Operating four of the jets all over the world, including a transatlantic service to New York, the demand for capacity allowed the airline to look for further airframes to augment the fleet in the early nineties. Sourced from the International Leasing Market, the airline acquired a further two ex-SIA jets. Having been retired from SIA in 1980 both aircraft went on to serve with Varig airlines of Brazil for 12 years before briefly being put to use by World Airlines.

Both aircraft arrived in Dhaka for use with Biman as S2-ADA (ex-SIA 9V-SDE) and S2-ADB (ex-SIA 9V-SDG) on 20th July 1993. Sadly both aircraft had a short career with the carrier due to the purchase of two Airbus A310s around the same time. A2-ADA only stayed with the Airline for 6 months adorned in her World Airlines paint scheme and Biman titles before ending up with Russian carrier Aeroflot as N534MD. The second airframe, S2-ADB, managed three years with the airline before heading off on her next career path ending up as a freighter in Zimbabwe.

The last of Bimans DC-10s came from two ex Canadian operated jets – S2- ACS (ex-CPA/CAI C-GCPF) and S2-AND (ex-CPA/CAI C-GCPE) delivered to Dhaka in December 1999 and November 2000 respectively.

At the height of DC-10 operations with Biman, the fleet comprised of six active airframes ploughing their way through the Eastern and Western Skies. As with many second generation jets the age and quality of them started to cause worry to the aviation administrations of the world including one incident in 2006 where the weekly flight into New York was refused permission to enter US Airspace due to safety concerns from the FAA and the jet diverted into Canada. Sadly the flights into New York stopped after this starting a decline in the DC-10s loyal history with Biman.

After serving so many of the worlds cities, the aircrafts finals years with carrier saw the aircraft used to fly trunk routes in various multi-step stages such as Dhaka to Dubai and on to London. As the drawn down continued and the finances required to maintain and fly the ‘Banjos’ (A nickname given to the type due to the unique design of the tail mounted engine) increased, the airline removed the executive class seats to create a single economy class with a capacity of 314. In this capacity the aircraft was used by many commuting to and from work across the various Gulf states via some of Bangladeshis major cities.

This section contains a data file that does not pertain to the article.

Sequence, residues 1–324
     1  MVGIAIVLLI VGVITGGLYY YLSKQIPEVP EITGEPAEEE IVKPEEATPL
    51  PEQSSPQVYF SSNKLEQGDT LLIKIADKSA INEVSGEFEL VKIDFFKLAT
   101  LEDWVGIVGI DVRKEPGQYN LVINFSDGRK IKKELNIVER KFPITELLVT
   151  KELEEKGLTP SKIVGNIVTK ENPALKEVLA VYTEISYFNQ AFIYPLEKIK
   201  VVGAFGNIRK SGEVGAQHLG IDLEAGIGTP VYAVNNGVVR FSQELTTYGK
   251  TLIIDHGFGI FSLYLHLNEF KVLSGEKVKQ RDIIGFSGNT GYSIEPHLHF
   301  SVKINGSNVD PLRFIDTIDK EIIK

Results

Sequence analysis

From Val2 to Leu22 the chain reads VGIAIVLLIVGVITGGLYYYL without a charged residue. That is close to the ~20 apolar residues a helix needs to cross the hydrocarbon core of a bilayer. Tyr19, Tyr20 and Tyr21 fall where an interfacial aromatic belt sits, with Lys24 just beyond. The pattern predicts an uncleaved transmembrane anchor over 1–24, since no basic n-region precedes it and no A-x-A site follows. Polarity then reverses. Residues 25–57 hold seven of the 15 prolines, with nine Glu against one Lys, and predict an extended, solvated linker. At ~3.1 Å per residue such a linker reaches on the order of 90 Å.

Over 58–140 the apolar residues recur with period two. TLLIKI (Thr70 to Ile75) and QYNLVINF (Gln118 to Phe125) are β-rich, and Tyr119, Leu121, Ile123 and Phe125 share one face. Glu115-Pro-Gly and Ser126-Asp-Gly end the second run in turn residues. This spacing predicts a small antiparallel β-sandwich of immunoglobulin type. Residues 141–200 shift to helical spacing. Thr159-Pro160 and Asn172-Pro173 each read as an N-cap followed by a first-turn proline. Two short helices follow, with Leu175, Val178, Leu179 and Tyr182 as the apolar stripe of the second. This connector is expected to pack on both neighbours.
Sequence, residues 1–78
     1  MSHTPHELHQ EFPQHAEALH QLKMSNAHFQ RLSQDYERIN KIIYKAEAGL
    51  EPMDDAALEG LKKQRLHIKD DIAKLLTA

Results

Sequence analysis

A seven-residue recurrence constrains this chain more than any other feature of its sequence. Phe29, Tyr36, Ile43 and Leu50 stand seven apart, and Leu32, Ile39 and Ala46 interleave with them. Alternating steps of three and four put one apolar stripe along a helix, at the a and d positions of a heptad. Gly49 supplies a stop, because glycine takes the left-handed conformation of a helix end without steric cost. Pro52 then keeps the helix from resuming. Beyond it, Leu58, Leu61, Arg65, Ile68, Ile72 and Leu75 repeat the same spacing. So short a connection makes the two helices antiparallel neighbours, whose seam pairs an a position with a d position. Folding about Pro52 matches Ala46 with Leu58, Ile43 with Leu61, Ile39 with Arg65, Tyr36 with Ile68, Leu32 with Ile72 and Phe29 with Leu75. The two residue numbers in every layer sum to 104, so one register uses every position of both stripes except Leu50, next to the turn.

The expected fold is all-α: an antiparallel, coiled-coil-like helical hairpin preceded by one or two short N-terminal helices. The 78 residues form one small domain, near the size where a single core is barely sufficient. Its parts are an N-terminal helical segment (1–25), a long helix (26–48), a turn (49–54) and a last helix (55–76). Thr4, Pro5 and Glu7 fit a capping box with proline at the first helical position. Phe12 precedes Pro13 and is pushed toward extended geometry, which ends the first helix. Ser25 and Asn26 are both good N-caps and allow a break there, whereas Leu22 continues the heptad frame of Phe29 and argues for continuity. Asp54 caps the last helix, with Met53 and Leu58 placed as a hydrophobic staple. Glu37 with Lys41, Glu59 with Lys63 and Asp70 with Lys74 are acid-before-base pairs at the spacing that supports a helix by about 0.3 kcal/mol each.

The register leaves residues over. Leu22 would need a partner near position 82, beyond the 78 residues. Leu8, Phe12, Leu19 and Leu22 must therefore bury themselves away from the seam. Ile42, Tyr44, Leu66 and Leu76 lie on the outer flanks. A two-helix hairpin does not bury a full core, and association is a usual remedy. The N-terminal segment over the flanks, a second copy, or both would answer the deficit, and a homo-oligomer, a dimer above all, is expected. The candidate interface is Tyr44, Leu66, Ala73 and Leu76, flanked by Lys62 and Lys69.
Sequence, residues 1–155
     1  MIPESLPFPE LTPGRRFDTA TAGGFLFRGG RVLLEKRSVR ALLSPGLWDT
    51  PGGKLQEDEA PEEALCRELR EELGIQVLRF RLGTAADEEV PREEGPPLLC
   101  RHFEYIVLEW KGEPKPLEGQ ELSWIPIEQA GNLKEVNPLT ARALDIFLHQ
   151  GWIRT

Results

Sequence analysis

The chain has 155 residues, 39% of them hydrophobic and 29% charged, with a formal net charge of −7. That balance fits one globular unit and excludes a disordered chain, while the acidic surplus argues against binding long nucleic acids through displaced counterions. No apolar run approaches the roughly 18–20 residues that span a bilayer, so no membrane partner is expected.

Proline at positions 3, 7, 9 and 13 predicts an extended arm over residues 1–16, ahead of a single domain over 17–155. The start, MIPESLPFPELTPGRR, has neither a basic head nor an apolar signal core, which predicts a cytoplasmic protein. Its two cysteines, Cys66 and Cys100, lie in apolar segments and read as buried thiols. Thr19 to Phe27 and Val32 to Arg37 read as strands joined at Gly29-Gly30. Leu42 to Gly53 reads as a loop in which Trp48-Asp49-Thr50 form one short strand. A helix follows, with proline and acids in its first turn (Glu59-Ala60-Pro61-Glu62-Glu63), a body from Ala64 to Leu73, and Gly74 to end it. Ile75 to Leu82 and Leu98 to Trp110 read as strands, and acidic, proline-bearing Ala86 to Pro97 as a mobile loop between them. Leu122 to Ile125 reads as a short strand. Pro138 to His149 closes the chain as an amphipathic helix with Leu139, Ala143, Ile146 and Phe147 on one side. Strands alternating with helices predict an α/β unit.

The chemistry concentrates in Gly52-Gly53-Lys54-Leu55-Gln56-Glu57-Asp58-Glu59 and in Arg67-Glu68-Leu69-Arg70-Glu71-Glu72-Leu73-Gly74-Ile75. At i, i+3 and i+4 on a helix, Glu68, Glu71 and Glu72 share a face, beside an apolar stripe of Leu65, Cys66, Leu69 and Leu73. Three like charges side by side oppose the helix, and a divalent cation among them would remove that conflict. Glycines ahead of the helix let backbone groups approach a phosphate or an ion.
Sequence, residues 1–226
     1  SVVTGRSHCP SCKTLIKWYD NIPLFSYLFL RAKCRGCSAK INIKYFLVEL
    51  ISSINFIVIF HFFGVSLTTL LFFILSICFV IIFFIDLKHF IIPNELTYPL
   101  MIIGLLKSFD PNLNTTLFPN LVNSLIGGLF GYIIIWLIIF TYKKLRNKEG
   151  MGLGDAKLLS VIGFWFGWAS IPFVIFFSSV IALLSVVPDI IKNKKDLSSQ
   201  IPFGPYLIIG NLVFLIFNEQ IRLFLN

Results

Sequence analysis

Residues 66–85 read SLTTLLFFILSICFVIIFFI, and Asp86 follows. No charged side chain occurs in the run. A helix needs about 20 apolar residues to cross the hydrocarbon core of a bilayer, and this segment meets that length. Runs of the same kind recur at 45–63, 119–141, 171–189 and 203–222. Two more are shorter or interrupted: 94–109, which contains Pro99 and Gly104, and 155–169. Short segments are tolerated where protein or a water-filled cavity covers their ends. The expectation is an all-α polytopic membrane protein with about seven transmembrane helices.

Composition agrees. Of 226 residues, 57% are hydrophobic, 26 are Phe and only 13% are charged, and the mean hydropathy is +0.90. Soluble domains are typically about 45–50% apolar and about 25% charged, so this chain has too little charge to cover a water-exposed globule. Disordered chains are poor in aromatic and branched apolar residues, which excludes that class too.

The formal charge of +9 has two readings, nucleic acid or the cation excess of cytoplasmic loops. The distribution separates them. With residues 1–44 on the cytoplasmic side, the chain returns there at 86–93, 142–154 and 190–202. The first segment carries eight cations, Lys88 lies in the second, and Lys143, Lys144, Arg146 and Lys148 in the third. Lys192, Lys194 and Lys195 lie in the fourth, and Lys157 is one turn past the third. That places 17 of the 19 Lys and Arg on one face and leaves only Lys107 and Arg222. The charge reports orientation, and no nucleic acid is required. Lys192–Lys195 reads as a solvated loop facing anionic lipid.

As the prices of fuel combined with high fuel consumption and the age of the aircraft, Biman slowly started to withdraw them from service in favour for more economical types. In 2007 the first was withdrawn from active service and placed into storage at Dhaka. Six years after S2-ACS was placed in storage, S2-ACO joined in 2013, soon to be followed by S2-ACQ a few months later and S2-ACP after that. With S2-ADN being written off in a landing accident in Cittaging in 2005 (thankfully with no loss of life), this left a single airframe in use – S2-ACR ‘New Era’


First Flight

Previous Serial

Entered Biman Service

Left Biman Service

Current Status

S2-ACP ‘City of Dhaka’ 08/02/1979 9V-SDD (SIA) 15/08/1983 10/11/2013 Stored Dhaka TBS
S2-ACO ‘City of Hazrat Shah Makhdoom’ 03/10/1978 9V-SDB (SIA) 29/09/1983 16/04/2013 Stored Dhaka TBS
S2-ACQ ‘City of Hazarat Shah Jalal’ 10/09/1979 9V-SDF (SIA) 30/12/1983 24/07/2013 Stored Dhaka TBS
S2-ACR 01/09/1988 Delivered New 03/01/1989 Current Flyer
S2-ADA 06/06/1979 9V-SDE (SIA) 20/07/1993 26/01/1994 Sold – Now N524MD
S2-ADB 23/10/1979 9V-SDG (SIA) 20/07/1993 01/09/1996 Sold – Now N525MD
S2-ACS 05/09/1980 C-GCPF (CAN) 19/12/1999 18/06/2007 Stored Dhaka
S2-AND 27/07/1979 C-GCPE (CAN) 28/11/2000 01/07/2005 W/O 01/07/05

Farewell Tour

After 43 years in service, a production run lasting some 20 years delivering 446 airframes (including 60 KC10 Extenders for the USAF) and nearly 170 different users, 20th February 2014 marked the end of the DC-10 as a commercial passenger jet with one last scheduled service.

Bangladesh Airlines Chief Executive, Kevin Steele, was very keen to see the very last DC-10 in her conceived role go out in style. Prior to S2-ACR being retired Biman allowed a one-off flight to the UK to be organised followed by a number of pleasure flights to be flown in and out of Birmingham for the aviation community. Departing from the airlines base of Dhakas Shahjalal International Airport as ‘BG1015’, the aircraft headed to Birmingham International Airport via Kuwait on her one-off flight to the UK to send the aircraft off in style.